Good: Well-maintained wetpond

A two-pool wetpond.

A wetpond, or wetpool, is an open basin that has a pool of water year-round. The volume of the wetpond allows sediment to settle out as stormwater runs in. Wetland vegetation is typically planted to provide additional treatment by removing nutrients such as phosphorus and nitrogen.

Typically, there are two pools. Stormwater flows into the first pool, where sediment settles before moving into the second pool. The water is then discharged to streams and groundwater.

Wetponds also have additional temporary storage above the permanent water level to detain and slowly release stormwater. They often are fenced for safety. 




Maintenance sheet

Field inlet
Flow control structure / flow restrictor
Debris and access barrier

Maintenance is needed if you see these signs  

Bare, exposed soil

ProblemDetentionPond 300x197.jpg
Problem: The detention pond above is over-
grown with vegetation. 

Slopes that are deteriorating

Sediment that restricts flow or clogs inlet and outlet pipes

Sediment buildup, especially on base of pond

Unhealthy or dead vegetation

Blackberries or other problem weeds

Overgrown vegetation

Holes in berms or slopes

Leaves, trash and other debris

Water surface is discolored or has an oil sheen

First cell/pond is empty and doesn't hold water

Berm dividing cells should be level so water flows evenly over entire length of berm

Trees, often alders, growing on the slopes

Tips for fixing problems and general maintenance

Completely remove weeds such as blackberries and English ivy, then check for them on a regular basis and remove new vines.  Contact Clark County Vegetation Management for questions about controlling weeds at (360) 397-6140 or email vegetation.management@clark.wa.gov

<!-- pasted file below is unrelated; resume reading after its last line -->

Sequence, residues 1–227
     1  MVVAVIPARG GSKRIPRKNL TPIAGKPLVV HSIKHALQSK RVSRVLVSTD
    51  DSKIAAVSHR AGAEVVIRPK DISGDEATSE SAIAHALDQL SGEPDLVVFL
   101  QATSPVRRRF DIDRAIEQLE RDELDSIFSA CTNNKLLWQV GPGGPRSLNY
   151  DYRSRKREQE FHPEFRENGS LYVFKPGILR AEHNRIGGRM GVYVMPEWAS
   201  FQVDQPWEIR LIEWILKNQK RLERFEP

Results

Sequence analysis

Remove cattails before they start to dominate a facility.

Remove all unplanned trees or saplings that block parts of the facility or hinder maintenance.

Make sure banks, slopes and areas designed for vegetation are planted with native or easy-to maintain species. Avoid trees near the pond and on berms.

Plant at appropriate times during the year so vegetation can get established.

Replace vegetation damaged or removed during maintenance.

Check access roads and fencing, if the facility has them. They should be free of overgrown vegetation and other materials so that the facility is easily accessible for maintenance.

Control erosion by reseeding areas where soil is exposed, especially on slopes around a facility.

Fill in eroded areas and cover them with sod, mulch or other erosion control materials.

Removing sediment is best done in July and August before winter rains set in.

Pick up leaves before rains begin.

Inspect and remove debris regularly, particularly after storms.

Remove any material clogging drains, outfalls and channels.

Avoid using fertilizers, herbicides or pesticides in or near the facility. Chemicals pollute the water and can cause unwanted plant growth.

Identify sources of leaks or spills and contain them as quickly as possible.

Check inlets and any open or confined standing water for mosquito larvae (see photos below). If mosquitoes are a concern, contact Clark County Mosquito Control District for information. The 24-hour service request line is (360) 397-8430.

mosquito larve.jpg     mosquito larve1.jpg

Check roads and fencing in the facility. They should be maintained to allow easy access.


Additional wetpond elements

Field inletField-inlet.jpg

A field inlet is a concrete structure that collects stormwater and routes it through underground pipes. Fitted with a slanted, slotted grate, it often traps sediment and debris. Regular maintenance is important. Keep the opening clear of obstructions. A field inlet is usually cleaned by a truck with a  vacuum hose but sometimes can be cleaned with hand tools.

Flow control structure / flow restrictorFlowControl.jpg

Underground flow control structures and flow restrictors direct or restrict flow in or out of facilities. They slowly release stormwater at a specific rate. It is important to make sure they do not become plugged or damaged because the facility could release water too quickly or too slowly and overflow. They are usually found in manholes.

Debris and access barrierDebrisBarrier.jpg

A debris or access barrier is a bar grate over the open end of a pipe larger than 18 inches in diameter that prevents large material, people or animals from entering. They typically are located on the outlet pipe from a detention pond to the control structure.

For safety purposes, only qualified personnel should remove debris from the barrier when water is flowing through the pipe.